Puerto Ricans desperate for water after Hurricane Fiona disaster

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CAGUAS, Puerto Rico (TBEN) – More than half a million people in Puerto Rico were left without water three days after Hurricane Fiona hit U.S. soil, and many spent hours in lines Wednesday filling pitchers from water trucks, while others ran out of water. the runoff from the mountain.

Sweat rolled down the faces of people in a long line of cars in the northern mountain town of Caguas, where the government had sent a water truck, one of at least 18 so-called “oases” set up across the island.

The situation was maddening for many people on an island who had left again without basic services after a storm.

“We thought we had a bad experience with Maria, but this was worse,” Gerardo Rodríguez said in the southern coastal town of Salinas, referring to the 2017 hurricane that killed nearly 3,000 and destroyed the island’s electrical grid.

Fiona poured about two feet of rain onto parts of Puerto Rico before flying over the eastern Dominican Republic and the Turks and Caicos Islands.

According to the US National Hurricane Center, the storm had swelled to a Category 4 strength.

The storm devastated Puerto Rico’s electrical grid, which had been repaired but never completely rebuilt after Maria caused a power outage that lasted 11 months in some places.

A man points to a house that collapsed on Wednesday, September 21, 2022 by Hurricane Fiona at Villa Esperanza in Salinas, Puerto Rico.

Alejandro Granadillo via The Bharat Express News

In Caguas, the air conditioning in Emayra Veguilla’s car was not working, so the bus driver put a small fan on the passenger seat. She had previously sung the song “Hijos del Canaveral” (“Sons of the Sugarcane Field”), written by Puerto Rican hip-hop star René Pérez as an ode to Puerto Rico and the courage of its people.

“I needed a helping of patriotism,” she said. “I needed strength to do this again.”

Veguilla had been waiting in line on Tuesday but was told the water had run out and another truck wouldn’t be available until Wednesday.

Some people for Veguilla gave up and drove off, with tensions running high the longer people waited.

“Movement!” shouted a driver, afraid of people trying to break in.

Some who saw the line chose instead to drive to a nearby highway where fresh water trickled down the mountainside through a bamboo pipe someone had installed.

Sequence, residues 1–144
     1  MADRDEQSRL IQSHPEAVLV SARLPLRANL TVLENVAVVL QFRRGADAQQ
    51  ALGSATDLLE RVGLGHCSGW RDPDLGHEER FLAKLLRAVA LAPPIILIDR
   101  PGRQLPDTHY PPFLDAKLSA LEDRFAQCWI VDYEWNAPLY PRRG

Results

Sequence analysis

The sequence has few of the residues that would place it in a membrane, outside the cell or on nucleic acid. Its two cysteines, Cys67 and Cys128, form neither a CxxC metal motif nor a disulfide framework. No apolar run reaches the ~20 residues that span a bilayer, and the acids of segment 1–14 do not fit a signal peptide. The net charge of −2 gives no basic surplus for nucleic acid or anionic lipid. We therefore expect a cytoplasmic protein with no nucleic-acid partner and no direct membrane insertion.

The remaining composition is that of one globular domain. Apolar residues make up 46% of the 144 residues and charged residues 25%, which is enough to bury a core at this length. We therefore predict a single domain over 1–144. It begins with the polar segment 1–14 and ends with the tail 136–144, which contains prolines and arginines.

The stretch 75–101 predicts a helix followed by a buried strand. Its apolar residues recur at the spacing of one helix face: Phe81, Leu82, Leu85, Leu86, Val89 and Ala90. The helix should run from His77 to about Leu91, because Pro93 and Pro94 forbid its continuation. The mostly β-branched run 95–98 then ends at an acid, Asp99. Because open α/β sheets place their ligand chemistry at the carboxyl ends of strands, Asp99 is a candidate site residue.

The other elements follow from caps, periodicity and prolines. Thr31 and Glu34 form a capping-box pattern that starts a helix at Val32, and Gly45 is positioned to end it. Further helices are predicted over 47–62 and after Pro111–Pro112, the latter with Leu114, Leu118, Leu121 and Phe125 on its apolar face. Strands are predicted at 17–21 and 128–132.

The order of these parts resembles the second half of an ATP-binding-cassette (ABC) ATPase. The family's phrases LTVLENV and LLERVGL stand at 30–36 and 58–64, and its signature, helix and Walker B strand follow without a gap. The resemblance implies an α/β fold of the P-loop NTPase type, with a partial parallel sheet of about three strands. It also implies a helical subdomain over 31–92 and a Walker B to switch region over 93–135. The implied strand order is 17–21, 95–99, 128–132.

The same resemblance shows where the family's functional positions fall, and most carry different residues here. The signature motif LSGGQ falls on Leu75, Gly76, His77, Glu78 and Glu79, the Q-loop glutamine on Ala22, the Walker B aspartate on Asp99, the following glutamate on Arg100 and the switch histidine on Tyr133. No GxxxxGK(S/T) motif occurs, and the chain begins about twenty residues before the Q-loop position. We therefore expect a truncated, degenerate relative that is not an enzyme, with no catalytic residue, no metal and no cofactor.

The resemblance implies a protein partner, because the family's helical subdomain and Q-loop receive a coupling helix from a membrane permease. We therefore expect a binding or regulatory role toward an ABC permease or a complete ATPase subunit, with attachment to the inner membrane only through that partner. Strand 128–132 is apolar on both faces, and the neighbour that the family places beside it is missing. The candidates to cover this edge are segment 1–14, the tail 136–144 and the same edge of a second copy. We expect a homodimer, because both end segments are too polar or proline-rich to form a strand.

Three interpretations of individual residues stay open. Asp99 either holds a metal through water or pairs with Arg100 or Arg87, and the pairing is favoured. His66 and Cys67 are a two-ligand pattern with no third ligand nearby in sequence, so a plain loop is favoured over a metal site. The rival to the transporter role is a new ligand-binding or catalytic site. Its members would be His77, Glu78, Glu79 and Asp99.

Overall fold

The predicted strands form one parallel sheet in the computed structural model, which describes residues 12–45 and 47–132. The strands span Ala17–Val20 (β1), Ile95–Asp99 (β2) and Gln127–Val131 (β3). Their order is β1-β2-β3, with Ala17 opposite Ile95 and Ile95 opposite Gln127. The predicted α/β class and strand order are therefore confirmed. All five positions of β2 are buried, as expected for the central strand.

Greg Reyes, an English teacher, stood in line in muddy slippers to fetch water for himself, his girlfriend and their cat. He had brought a large bag containing all the empty containers he could find in their house, including more than a dozen small water bottles.

Reyes said he and his partner had bought water since Fiona struck, but could no longer afford it.

“But I think I’m leaving again,” he said, shaking his head.

Those in line grumbled at the slow pace of the recovery, accusing the government of not helping them, as people on social media and even a gym said their doors were open to anyone who needed water or a shower.

“This has not been easy,” said Juan Santos, a retiree who held the hand of his 5-year-old grandson. “We suffer.”

None of those in line also had power, and many wondered if the recovery would take as long as it did with Hurricane Maria.

Power company officials initially said it would take a few days for electricity to be restored, but appeared to be back on Tuesday evening, saying they were facing numerous obstacles.

“Hurricane Fiona has severely impacted electrical infrastructure and generation facilities across the island. We want to make it very clear that efforts to recover and regenerate energy continue and are affected by severe flooding, impassable roads, fallen trees, deteriorating equipment and downed pipes,” said Luma, the company that manages energy transmission and distribution. .

Officials said crews found several substations underwater and inaccessible.

But Luma said it expected to restore power to much of Puerto Rico’s north coast on Wednesday, largely sparing Fiona.

The hum of generators could be heard all over the territory as people became more and more irritated.

The head of the Federal Emergency Management Agency traveled to Puerto Rico on Tuesday and the agency announced it would send hundreds of additional personnel to boost local response. On Wednesday, US President Joe Biden approved a major disaster declaration, which would allow for more federal aid.

Meanwhile, the United States Department of Health and Human Services has declared a public health emergency in Puerto Rico and dispatched several teams to the island.

In the Turks and Caicos, officials reported relatively minor damage and no deaths, although the eye of the Category 4 storm passed close to Grand Turk, the capital island of the small British territory, on Tuesday.

“Turks and Caicos have had a phenomenal experience in the past 24 hours,” said Vice Governor Anya Williams. “It certainly came with its share of challenges.”

Officials said the school on Grand Turk would reopen next week.

According to the Hurricane Center, Fiona had a maximum sustained wind of 215 km/h at the end of Wednesday. It was centered about 885 kilometers southwest of Bermuda and headed north at 10 mph (17 kph).

Fiona killed a man in the French overseas department of Guadeloupe and two others in Puerto Rico, swept away by swollen rivers. Two died in the Dominican Republic: one killed by a falling tree and the other by a falling utility pole.

Two more deaths have been reported in Puerto Rico as a result of the blackout: a 70-year-old man burned to death after trying to fill his running generator with gasoline and a 78-year-old man said he inhaled poisonous gases from his body, police said. generator.

The Bharat Express News journalists Maricarmen Rivera Sánchez and Alejandro Granadillo contributed to this report.

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